Great stories move beyond spectacle. By crafting character, plot, and theme in such a way that those concepts bounce meaningfully off each other, they grant audiences a deeper insight into the world around them.
As covered in Sophisticated Story Goals, sometimes there is more to a story than simply beating the bad guy. In fact, in order for a story to be more than simply a tale of exciting exploits, it must find a way to give the audience something it can’t find in the course of their daily lives. Inception is one such story.
Of Protagonists and Main Characters
Fear not, this isn’t going to be yet another exploration of why the Protagonist is not always the Main Character. Clearly, Dom Cobb is both Protagonist and Main Character. But what must be understood before a meaningful analysis of this film can be made is the reason why this distinction can even be made.
The Protagonist is the central character within the Overall Story Throughline, or what many have come to call the “A” storyline. The Main Character is the central character within the Main Character Throughline, or what many refer to as the “personal storyline.” Both throughlines represent a particular perspective the Author can take when writing their story. One is objective, the other is subjective.
Complete stories call for both throughlines as the dissonance between the two creates meaning. One throughline provides a first-person intimate look at resolving the story’s problem, the other provides a detached third-person objective view of the story’s problem. Offered an insight into both, we are given the opportunity to gather some greater meaning from the story’s events.
On the one hand, Cobb is the Protagonist—the character pursuing the Story Goal that affects everyone in the story. On the other hand, Cobb is also the Main Character—a man reeling from the guilt he feels for the part he played in his wife’s suicide.
So is the Story Goal simply Cobb getting back home to his children? Or could it be there is something more elaborate going on?
The Inequity Created by the Inciting Incident
The Inciting Incident of a story creates an inequity within the lives of the characters in the story. In Inception, this moment occurs when Cobb accepts the job from Saito effectively creating the inequity, or Big Dramatic Question, that propels the conflict to follow. Is inception possible? Answering this question thus becomes the main thrust of the Overall Story throughline.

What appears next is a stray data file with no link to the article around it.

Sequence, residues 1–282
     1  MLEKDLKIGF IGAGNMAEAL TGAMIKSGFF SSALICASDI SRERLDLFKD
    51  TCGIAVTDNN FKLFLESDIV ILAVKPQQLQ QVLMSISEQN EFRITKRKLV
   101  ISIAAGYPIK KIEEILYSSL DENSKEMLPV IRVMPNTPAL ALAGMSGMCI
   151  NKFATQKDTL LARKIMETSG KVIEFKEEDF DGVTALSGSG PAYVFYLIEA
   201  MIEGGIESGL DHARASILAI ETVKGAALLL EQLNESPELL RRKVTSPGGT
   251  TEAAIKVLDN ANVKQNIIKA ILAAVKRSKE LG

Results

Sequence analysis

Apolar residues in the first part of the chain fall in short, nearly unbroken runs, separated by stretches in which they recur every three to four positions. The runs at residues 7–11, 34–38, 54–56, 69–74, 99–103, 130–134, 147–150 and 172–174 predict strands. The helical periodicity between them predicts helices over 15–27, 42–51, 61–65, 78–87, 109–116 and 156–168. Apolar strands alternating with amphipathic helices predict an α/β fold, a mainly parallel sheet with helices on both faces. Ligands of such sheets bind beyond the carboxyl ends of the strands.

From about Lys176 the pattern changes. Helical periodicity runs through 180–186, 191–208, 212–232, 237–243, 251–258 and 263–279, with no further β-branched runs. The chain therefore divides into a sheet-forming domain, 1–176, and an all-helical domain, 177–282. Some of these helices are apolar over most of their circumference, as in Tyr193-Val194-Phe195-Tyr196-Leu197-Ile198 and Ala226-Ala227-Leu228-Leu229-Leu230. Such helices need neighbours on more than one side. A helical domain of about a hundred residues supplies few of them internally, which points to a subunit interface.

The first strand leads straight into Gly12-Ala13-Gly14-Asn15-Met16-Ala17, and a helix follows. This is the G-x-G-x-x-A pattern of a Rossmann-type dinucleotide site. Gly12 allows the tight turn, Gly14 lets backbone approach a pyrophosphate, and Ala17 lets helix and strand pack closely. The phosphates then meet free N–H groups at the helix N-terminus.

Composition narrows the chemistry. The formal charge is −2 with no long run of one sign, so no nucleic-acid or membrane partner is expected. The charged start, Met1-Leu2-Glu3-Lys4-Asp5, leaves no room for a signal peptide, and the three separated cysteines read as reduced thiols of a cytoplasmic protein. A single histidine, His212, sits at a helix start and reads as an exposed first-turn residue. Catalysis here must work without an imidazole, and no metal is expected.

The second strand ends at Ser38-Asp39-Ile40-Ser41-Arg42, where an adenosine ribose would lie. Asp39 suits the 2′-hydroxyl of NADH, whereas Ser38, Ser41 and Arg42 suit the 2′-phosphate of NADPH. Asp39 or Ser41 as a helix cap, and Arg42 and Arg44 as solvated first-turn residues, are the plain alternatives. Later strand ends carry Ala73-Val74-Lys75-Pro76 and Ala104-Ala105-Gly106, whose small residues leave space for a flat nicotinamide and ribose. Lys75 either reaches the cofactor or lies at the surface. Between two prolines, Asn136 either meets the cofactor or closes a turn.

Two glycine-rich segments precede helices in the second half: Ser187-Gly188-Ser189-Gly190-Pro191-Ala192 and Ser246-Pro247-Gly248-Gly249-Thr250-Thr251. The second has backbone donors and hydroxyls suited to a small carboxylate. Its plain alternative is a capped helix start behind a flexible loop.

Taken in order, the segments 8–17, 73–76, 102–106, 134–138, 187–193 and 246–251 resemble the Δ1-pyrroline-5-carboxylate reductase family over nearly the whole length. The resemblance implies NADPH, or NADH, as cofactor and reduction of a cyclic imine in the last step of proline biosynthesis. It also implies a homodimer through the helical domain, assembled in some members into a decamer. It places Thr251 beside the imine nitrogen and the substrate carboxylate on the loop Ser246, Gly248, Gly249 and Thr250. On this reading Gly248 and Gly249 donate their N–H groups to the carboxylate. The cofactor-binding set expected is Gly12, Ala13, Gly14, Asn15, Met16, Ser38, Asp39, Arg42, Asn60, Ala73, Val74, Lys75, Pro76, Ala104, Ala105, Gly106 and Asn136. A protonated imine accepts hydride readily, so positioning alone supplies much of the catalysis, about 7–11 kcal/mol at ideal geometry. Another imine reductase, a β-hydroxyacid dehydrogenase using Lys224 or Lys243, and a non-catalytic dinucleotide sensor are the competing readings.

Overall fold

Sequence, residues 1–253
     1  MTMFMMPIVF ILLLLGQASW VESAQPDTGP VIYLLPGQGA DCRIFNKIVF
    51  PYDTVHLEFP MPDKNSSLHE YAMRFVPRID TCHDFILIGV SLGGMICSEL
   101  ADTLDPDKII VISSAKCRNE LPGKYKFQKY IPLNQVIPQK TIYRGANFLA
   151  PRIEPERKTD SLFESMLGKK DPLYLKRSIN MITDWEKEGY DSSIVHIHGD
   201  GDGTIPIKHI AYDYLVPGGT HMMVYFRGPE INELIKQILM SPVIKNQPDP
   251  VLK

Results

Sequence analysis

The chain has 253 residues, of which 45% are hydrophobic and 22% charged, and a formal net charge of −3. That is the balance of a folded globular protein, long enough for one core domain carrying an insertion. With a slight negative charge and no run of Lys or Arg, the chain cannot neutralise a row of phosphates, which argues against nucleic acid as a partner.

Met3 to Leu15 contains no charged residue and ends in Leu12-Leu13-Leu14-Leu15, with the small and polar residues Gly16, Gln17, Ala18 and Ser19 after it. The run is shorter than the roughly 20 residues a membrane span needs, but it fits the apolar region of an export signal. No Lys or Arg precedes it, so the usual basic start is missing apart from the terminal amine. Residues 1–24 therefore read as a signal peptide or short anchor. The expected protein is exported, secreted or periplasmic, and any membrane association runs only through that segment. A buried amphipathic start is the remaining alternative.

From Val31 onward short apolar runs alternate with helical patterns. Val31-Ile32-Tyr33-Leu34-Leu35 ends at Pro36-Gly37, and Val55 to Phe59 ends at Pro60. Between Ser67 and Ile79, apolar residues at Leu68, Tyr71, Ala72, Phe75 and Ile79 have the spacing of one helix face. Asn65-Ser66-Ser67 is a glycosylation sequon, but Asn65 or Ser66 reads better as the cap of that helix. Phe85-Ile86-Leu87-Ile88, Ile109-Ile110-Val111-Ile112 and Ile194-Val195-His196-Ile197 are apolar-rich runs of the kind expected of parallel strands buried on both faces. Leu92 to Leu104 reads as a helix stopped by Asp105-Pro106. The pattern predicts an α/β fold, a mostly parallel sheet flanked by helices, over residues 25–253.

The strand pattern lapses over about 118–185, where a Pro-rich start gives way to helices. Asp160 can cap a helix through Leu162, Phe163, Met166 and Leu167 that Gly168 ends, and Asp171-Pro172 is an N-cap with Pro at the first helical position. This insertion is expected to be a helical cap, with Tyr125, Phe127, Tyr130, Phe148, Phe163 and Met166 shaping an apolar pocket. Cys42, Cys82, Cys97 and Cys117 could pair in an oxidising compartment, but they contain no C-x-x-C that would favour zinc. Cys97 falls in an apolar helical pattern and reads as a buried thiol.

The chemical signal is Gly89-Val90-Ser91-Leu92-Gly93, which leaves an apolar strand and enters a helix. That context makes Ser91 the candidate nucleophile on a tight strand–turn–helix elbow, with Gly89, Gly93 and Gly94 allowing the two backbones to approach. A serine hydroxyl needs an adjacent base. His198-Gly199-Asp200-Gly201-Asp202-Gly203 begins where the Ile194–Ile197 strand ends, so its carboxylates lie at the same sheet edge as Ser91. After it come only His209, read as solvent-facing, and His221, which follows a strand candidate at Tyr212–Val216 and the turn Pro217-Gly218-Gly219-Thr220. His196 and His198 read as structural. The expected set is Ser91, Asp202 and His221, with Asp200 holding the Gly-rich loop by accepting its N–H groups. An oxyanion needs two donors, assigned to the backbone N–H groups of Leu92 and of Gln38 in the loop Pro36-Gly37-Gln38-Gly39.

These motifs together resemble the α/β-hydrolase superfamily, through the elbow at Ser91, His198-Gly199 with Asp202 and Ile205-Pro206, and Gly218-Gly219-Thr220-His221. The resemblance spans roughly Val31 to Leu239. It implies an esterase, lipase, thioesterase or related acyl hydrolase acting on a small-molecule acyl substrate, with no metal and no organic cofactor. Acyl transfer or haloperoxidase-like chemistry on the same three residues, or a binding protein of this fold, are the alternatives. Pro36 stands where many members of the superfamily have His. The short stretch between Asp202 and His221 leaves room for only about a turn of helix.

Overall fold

This is why the Story Goal of Inception cannot simply be Cobb returning home to his family. It is an essential part of his Main Character throughline, but in terms of Protagonist and Overall Story, the Goal he is pursuing has everything to do with planting that idea in Fischer’s head.
Keeping the Plot Points Consistent
Furthermore, the Inciting Incident and Concluding Event (the plot point that brings a story to a close) must be of the same type. Deciding to take Saito up on his offer is a decision. Returning home to his kids is an action. Those are two completely different type of events.
Plot points can be one of two things—actions or decisions. In a well-told story one will be seen as the driver of the other. The order of events has meaning. Learning to be an expert jewelry thief so that you can become fabulously wealthy carries an entirely different meaning than getting stinking rich so you can afford to learn to be a jewelry thief. Thus, plot points must remain consistent as they contribute to the overall meaning of a story.
Thankfully, in Inception they are.
Cobb decides to take Saito up on his bargain and Fischer decides to break up his father’s empire. The first creates the inequity. The second (and last) resolves it. Not only does it bring a successful close to Cobb’s mission as Protagonist, but also it clearly answers the question of whether or not inception was even possible.
But there was even more meaning behind Fischer’s revelation.
Wherein It Is Revealed Why This Movie Was So Big